CS655 is a graduate-level study of the design of programming languages. We will look at features, not complete languages. We will touch on Ada, C++, CLU, Haskell, Icon, Java, Lisp, ML, Modula-2, Modula-3, Pascal, Post, Prolog, Russell, Simula67, Smalltalk, SNOBOL, and others. You will not need to become proficient in any of these languages, but you will learn what contributions each has made to the “state of the art” in language design. Main topics will be control structures, type mechanisms, functional programming, object-oriented programming, concurrent programming, logic programming, and, time permitting, aggregate-based programming. We will also discuss formal semantics of programming languages, particularly denotational semantics. There will be oral and programming assignments and a written project. There will be no exams.
Students will learn about modern programming language design. They will learn about a variety of paradigms and be able to evaluate language features within those paradigms.
Instructor: Raphael Finkel <raphael_at_cs.uky.edu> Office: Hardymon 230, 7-3885 Office hours: M 9:00a-10:30p, R 2:00p-3:30p Class time and place: MWF 11:00p ‒ 11:50p in BE 171 Class web site: http://www.cs.uky.edu/~raphael/courses/CS655.html
We will use Advanced Programming Language Design by Raphael Finkel (Addison-Wesley 1996, ISBN 0-8053-1191-2)
You will have a class account in the MultiLab
on the second floor of the Engineering Annex.
The following approximates the grading scale:
40% programs 25% class participation (speaking in class) 25% presenting homework in class 10% the final project (an essay)I grade on a curve. About half the students get an A, about half B, with an occasional C or E.
You accumulate participation points (1 per class session) if you are present and either ask or answer a question in class or submit a written question immediately after class. There are no other attendance requirements. Let me know in advance if you want accommodation for disabilities or religious observances.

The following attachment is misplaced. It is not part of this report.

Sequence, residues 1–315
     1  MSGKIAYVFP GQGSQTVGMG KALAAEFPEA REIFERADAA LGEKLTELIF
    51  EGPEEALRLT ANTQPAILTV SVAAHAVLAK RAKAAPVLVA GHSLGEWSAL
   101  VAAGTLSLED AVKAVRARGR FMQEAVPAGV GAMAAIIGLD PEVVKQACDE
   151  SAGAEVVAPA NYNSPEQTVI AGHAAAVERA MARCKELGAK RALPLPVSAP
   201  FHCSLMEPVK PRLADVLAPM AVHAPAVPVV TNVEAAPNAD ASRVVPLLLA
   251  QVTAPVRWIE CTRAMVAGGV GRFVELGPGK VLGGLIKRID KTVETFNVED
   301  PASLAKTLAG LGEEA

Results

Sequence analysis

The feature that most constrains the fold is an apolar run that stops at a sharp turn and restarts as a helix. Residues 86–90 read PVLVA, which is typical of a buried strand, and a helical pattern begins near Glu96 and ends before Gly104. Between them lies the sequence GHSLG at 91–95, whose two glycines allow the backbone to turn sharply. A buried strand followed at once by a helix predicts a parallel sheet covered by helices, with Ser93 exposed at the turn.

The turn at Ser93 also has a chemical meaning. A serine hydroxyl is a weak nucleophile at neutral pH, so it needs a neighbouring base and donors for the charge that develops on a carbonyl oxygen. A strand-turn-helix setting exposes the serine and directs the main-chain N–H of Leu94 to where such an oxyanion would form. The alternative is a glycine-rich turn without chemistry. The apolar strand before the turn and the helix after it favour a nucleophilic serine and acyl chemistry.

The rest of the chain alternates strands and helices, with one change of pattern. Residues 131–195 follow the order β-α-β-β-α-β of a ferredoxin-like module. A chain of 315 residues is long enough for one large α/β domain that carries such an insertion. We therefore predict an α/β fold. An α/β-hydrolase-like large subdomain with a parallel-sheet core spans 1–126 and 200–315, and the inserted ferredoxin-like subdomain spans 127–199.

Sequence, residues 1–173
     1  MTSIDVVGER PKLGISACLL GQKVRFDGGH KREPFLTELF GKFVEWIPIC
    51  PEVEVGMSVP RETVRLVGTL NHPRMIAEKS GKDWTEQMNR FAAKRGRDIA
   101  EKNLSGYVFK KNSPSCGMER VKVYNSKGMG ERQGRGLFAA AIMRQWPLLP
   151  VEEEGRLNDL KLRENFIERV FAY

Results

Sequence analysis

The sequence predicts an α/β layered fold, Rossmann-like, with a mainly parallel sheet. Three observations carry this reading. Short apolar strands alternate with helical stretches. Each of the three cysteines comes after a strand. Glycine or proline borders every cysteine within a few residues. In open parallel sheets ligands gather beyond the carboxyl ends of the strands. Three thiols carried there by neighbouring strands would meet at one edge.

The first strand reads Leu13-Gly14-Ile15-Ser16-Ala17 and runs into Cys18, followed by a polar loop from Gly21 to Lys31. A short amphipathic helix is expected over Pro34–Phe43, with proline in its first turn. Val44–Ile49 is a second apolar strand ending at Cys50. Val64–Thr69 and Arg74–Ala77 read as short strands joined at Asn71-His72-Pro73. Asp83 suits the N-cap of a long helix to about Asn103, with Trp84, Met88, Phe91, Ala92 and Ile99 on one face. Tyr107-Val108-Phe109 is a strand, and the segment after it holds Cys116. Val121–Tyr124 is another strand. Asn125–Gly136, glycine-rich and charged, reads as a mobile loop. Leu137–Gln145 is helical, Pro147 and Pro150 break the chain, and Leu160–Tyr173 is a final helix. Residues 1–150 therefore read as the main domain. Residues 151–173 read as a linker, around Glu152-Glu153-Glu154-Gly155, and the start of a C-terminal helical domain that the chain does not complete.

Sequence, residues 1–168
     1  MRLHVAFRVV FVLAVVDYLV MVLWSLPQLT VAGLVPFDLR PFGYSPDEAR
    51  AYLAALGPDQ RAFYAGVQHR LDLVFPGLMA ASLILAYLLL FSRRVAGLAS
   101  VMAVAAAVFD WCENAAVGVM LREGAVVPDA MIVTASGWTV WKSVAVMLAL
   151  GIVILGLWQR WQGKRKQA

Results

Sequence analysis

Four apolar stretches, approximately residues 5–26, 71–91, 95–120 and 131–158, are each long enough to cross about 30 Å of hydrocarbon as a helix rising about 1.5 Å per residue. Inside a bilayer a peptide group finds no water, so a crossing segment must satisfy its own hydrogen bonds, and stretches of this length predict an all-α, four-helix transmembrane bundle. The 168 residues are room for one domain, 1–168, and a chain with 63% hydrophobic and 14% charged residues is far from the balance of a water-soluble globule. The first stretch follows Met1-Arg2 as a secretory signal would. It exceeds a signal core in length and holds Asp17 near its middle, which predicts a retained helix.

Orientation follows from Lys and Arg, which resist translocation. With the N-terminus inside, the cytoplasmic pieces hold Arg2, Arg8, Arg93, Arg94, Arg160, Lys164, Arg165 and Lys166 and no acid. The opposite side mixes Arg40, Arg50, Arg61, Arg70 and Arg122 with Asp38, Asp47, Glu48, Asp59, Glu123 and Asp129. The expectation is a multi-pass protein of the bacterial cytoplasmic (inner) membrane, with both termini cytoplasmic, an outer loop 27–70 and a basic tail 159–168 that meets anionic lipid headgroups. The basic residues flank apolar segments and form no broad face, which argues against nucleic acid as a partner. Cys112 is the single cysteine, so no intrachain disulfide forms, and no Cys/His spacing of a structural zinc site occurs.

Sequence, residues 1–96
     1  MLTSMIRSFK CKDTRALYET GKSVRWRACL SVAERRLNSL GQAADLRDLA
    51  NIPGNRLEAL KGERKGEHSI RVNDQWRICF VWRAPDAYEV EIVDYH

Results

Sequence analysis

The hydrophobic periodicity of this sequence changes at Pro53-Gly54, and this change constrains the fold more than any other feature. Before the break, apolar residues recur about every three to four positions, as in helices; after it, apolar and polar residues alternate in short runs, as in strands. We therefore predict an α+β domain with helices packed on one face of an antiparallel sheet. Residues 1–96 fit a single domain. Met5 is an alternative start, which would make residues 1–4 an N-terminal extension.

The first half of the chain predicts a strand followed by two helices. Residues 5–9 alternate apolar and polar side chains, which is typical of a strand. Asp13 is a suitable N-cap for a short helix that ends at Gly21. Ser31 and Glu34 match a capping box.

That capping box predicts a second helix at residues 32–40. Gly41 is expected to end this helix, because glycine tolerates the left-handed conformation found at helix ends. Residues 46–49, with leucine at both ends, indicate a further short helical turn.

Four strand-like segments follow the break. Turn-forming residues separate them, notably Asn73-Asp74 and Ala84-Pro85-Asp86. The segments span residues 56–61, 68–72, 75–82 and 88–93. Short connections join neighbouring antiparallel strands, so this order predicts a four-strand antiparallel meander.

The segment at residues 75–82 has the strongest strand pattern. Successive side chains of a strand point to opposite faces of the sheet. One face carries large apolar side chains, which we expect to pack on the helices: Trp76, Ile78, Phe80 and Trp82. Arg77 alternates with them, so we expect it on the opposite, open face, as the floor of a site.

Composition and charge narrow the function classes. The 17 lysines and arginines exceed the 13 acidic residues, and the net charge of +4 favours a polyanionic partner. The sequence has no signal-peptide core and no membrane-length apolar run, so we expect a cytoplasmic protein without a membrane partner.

If you are absent when you are to present homework in class, you can still get credit by emailing me your solution before the class starts.
I record extra credit points on a separate tally that I only use after assigning grades, to raise borderline students to the next higher grade. You can lose ordinary points by making mistakes (such as spelling!) in your extra credit work.
|1‒10||Chapters in book|
|a||Program 1 due|
|b||Program 2 due|
|c||Program 3 due|
|d||Program 4 due|
|n||No class - Academic holiday|
|r||No class - Religious holiday|
(((5 ()) 6) (((2 3) 4) ()))building a tree, then (b) prints out the tree in outline format, such as
x x x 5 null 6 x x x 2 3 4 nullthen (c) prints out all combinations (order-independent) of 3 leaves, such as:
Late work is penalized 3% for each day late, starting at class time on the due date, but not including weekends or holidays. (Allowances for computer failure will be announced in class). The maximum penalty is 7 days late; after that, you may hand in work and still get 79% until the start of class Thursday of the last week of instruction, which is the absolute deadline. No extra credit is available for work turned in late. If you turn in work early, you gain early points, which offset late points on other assignments but have no other value.
Submit your programs, project, and final electronically by mailing
If your assignment contains multiple files, please use
to create a single file and either include or attach that file. I discard any
cover letter, so if you have a
README, make sure you place it in the
I will send you back the graded program as an attached
zip file, with my
comments interspersed in lines that contain the word